In the textbook The Modern Middle East, historian and author James Gelvin describes the history of the Middle East as a “global story told in local vernacular” — which is to say, the region’s history of modernization, colonization, development, and role on the world stage is reflected similarly in other regions across the world. In Exit West, Mohsin Hamid takes a similar approach in telling the global story of immigration with local vernacular, focusing on the single story of Saeed and Nadia and their experiences of emigration (coincidentally, from a country implied to be in or near the Middle East) and resettlement and adaptation while still holding on to their past.
Yet, Hamid also interjects the book with vignettes into different regions of the world, from Australia to Dubai to the Mexican-American border. Some find love, like the elderly man from Amsterdam and the wrinkled man from Rio de Janeiro (173-176), while others find new life, like the suicidal accountant from London (129-131). Some find a cause to fight for, like the young woman in Vienna (109-111), while others use it as a means to act for cause they are willing to die for, like the second man who is implied to be a terrorist from Saeed and Nadia’s home country traveling to Vienna (66-58). Even those who don’t immigrate are faced with immigration all around them, such that they end up in a place very different from the one in which they started, like the old woman in Palo Alto (207-209). The characters of these vignettes are all unnamed, with the implication being that their experiences are representative of the varied yet similar experiences of all humans.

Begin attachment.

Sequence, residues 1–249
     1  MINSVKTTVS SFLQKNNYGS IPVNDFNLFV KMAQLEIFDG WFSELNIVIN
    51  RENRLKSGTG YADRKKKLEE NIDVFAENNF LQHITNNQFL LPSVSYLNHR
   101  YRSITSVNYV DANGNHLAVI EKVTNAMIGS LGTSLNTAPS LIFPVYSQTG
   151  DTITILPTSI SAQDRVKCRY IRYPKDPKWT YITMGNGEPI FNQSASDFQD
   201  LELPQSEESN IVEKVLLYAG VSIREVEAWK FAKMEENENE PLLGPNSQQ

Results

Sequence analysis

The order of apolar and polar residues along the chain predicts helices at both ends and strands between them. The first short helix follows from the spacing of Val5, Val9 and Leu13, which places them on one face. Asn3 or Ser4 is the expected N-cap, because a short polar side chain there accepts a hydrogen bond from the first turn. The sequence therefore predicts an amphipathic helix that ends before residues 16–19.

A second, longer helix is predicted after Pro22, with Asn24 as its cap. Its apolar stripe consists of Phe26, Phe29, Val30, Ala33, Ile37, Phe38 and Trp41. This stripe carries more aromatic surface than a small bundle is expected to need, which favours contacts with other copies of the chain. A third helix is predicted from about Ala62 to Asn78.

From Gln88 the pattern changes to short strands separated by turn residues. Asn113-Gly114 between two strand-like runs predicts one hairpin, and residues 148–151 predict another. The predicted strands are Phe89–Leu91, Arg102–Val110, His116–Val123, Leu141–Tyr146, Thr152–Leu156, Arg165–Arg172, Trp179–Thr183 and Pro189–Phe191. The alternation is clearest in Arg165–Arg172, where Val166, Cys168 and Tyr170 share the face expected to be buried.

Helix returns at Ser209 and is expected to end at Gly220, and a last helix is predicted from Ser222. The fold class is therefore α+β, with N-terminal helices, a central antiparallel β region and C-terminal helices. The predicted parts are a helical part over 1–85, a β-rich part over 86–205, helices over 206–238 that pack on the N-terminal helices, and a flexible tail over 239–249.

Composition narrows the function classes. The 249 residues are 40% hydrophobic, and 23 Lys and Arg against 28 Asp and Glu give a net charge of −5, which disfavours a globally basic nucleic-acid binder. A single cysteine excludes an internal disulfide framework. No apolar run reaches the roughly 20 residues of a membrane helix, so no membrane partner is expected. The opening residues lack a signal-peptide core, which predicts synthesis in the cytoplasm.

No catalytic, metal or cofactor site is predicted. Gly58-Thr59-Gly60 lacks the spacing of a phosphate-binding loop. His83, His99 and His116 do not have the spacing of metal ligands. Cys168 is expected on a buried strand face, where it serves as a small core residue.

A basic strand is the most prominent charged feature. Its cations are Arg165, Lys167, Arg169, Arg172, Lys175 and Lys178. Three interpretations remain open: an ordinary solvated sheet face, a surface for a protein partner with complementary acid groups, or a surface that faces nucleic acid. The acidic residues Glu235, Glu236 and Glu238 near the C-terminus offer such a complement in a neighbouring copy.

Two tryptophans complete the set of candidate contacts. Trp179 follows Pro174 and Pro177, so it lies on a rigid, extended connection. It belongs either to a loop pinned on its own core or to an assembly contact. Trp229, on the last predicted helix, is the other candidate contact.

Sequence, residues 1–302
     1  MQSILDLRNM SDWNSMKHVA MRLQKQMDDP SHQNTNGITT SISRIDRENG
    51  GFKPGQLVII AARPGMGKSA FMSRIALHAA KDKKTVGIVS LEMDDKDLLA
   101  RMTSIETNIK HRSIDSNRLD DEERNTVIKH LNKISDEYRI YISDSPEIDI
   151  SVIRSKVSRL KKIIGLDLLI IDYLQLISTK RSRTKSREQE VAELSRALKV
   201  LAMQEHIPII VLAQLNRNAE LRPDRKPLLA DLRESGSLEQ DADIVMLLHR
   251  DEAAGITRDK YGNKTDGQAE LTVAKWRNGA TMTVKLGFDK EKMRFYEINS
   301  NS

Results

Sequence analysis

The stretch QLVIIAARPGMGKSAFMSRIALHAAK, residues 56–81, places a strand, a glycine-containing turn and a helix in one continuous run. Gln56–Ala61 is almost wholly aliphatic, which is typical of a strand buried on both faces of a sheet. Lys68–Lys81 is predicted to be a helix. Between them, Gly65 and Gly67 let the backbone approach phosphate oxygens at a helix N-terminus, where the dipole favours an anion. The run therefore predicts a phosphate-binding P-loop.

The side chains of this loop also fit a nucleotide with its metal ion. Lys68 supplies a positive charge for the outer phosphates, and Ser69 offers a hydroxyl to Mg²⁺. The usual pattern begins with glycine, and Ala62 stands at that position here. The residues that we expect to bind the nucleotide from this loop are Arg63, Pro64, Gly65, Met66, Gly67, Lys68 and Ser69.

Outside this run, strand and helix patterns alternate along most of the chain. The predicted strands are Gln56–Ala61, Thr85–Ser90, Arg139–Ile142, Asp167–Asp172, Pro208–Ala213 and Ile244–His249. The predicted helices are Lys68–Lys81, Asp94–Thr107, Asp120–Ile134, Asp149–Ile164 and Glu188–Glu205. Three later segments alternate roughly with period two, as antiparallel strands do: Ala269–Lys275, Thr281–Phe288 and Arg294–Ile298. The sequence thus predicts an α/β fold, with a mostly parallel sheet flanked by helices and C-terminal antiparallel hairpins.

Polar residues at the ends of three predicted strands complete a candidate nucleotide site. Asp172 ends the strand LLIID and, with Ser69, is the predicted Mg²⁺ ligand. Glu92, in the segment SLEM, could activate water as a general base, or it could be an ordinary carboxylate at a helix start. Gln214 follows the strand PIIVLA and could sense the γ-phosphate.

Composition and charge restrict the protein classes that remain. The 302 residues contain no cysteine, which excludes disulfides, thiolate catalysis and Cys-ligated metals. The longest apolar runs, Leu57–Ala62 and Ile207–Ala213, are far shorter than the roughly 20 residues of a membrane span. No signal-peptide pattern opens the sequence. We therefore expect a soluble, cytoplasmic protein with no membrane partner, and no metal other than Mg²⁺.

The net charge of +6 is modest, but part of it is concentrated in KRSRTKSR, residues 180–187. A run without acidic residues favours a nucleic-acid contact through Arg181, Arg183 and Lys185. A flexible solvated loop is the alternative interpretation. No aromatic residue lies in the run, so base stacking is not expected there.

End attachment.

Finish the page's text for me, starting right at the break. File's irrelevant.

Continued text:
Hamid tells of the global possibilities of the effects of immigration through individual, localized stories written from individual perspectives. It seems that Hamid intends to say: everyone is affected by migration, and though each individual’s experiences are unique, they are all comparable.
NOTE: I took the “global story in local vernacular” quote by James Gelvin from his textbook, which is used in Mr Wolman’s Modern Middle East History course.
2 thoughts on “Migrant Vignettes: A Global Story in Local Vernacular”
I enjoyed reading about your suggestions on the meaning of the shorter stories and the importance relative to a theme in the book. I agree that the vignettes could be a reference to humans’ varying points of view that all undergo change relative to immigration. And I think maybe Hamid also stresses the idea of how everyone has experiences of their own individual journeys that can be vastly different from one another. I would say that the book to me kind of drew on acknowledging the different aspects in the individual experiences, but still understanding unifying effects that many experiences like death or drifting from a past with the process of change.
I agree with your idea on what Hamid is trying to say, but I disagree with his sentiment. Peoples’ experiences with migration are inherently different because they are experienced by different people coming from and going to different countries with different goals in mind. Everyone is affected, but experiences cannot be compared against each other because of the inherent differences.